Nissan and JATCO have just announced a new continuously variable transmission that features a wider ratio spread than any previous example of the type. The maximum spread from low to high in the past has been 6:1 but Nissan/JATCO have expanded that range to 7.3:1, a change that offers better fuel efficiency. Since this is a friction belt type CVT, expanding the ratio spread can normally be problematic because of the physical limitations of bending the steel belt around the pulleys.
As much as many of us would love to park our fossil-fuel-burning internal combustion engines for good in favor of electric or hydrogen-powered cars, that's not likely to happen on a grand scale in the next several years. Like it or not, we've managed to create a technology that's proven so effective in moving people and all their stuff all over the world that it's proving extremely difficult to transition away from it, no matter what the consequences are.
It may not seem like much, but the single extra mile per gallon that Nissan plans to extract from its Versa subcompact will surely be appreciated by its purchasers. After all, every little bit of fuel savings helps when buyers are shopping for small cars, often with the specific intent on downsizing and saving gas. So, since the Versa is down a bit when compared to its closest rivals, the Honda Fit and Toyota Yaris, Nissan decided it needed to do something to stay in the hotly contested race, up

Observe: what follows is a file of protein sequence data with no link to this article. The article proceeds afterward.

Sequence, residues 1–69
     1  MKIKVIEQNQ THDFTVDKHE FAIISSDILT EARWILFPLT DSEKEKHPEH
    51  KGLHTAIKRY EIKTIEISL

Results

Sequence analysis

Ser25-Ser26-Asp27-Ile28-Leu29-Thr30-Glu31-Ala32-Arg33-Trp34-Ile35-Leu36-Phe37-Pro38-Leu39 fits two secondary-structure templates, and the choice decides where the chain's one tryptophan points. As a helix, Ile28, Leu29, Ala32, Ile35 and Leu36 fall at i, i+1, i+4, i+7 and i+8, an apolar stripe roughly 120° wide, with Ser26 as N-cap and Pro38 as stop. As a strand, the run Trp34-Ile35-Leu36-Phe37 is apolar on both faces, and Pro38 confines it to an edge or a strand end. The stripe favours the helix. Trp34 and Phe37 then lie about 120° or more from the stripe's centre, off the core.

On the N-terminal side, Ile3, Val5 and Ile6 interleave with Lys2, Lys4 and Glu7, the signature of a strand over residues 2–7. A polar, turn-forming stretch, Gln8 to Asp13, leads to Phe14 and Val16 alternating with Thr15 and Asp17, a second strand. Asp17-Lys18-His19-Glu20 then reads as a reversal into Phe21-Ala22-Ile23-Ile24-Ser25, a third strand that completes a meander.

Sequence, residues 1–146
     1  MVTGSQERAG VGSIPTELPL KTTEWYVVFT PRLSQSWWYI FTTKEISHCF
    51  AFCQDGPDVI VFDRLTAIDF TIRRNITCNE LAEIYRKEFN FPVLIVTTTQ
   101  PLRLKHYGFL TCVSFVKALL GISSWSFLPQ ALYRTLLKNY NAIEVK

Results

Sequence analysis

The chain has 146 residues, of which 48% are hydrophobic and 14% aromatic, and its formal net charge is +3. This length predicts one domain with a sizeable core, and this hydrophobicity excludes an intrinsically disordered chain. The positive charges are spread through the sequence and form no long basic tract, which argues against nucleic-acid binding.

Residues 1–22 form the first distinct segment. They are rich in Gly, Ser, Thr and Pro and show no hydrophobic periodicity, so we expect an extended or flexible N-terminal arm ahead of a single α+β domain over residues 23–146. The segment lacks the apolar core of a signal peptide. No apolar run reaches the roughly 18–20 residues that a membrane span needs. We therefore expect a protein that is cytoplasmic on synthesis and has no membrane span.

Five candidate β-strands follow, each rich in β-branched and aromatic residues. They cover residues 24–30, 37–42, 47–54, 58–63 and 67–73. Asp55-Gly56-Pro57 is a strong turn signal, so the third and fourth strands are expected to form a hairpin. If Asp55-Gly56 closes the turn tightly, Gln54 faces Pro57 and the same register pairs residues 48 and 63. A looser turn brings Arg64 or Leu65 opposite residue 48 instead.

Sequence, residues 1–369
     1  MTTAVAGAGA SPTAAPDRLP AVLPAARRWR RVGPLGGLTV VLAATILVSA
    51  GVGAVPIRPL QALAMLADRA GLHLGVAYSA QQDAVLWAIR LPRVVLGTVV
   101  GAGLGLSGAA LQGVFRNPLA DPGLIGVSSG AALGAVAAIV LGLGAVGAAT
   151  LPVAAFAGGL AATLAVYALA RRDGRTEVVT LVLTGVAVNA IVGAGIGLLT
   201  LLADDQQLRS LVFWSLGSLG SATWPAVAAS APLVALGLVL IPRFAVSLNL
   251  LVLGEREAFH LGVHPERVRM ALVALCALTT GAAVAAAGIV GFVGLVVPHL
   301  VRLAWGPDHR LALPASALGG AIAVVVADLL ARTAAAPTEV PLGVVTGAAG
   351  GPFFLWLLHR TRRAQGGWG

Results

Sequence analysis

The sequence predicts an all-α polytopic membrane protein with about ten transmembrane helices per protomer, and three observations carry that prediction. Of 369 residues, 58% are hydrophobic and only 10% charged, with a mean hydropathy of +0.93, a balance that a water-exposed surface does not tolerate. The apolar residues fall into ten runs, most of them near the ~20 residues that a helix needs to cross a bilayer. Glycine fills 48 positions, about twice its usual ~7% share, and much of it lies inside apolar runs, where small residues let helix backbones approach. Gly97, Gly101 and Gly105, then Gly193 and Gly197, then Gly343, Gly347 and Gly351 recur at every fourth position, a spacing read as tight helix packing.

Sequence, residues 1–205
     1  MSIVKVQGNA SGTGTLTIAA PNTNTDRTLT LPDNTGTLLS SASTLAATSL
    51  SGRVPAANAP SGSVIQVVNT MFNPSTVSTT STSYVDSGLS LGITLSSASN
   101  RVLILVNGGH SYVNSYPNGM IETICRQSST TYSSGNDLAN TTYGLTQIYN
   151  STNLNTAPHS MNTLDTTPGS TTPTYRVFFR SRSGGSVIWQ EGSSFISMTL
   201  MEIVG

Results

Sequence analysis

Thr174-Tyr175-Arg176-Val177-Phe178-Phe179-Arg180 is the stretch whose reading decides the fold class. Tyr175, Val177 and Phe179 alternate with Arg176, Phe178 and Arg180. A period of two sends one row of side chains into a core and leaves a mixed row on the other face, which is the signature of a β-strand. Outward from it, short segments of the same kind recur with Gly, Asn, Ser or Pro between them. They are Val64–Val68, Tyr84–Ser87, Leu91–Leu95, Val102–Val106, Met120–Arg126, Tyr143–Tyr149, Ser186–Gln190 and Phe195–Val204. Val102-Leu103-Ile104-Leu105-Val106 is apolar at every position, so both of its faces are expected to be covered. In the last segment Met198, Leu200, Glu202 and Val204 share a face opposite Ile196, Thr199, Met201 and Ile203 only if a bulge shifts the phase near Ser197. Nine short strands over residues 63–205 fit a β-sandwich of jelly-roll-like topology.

Is it solely a case of one-upmanship that is driving the number of forward gear ratios forward in today's passenger cars? Or, are consumers choosing vehicles based on the number of gears in the transmission? I am not entirely sure, but I do know that I would consider passing on a vehicle just because it only has a four-speed transmission. As rare as they are today, some vehicles, like the GM full-size pickups, are still using four-speed automatic transmissions. Before you comment, I know that th
Canadian gearing technology company Ikona Gear International announced that they have filed for two provisional patents that will help automakers produce more efficient and environmentally friendly vehicles - a frictionless CVT clutch and frictionless CVT differential.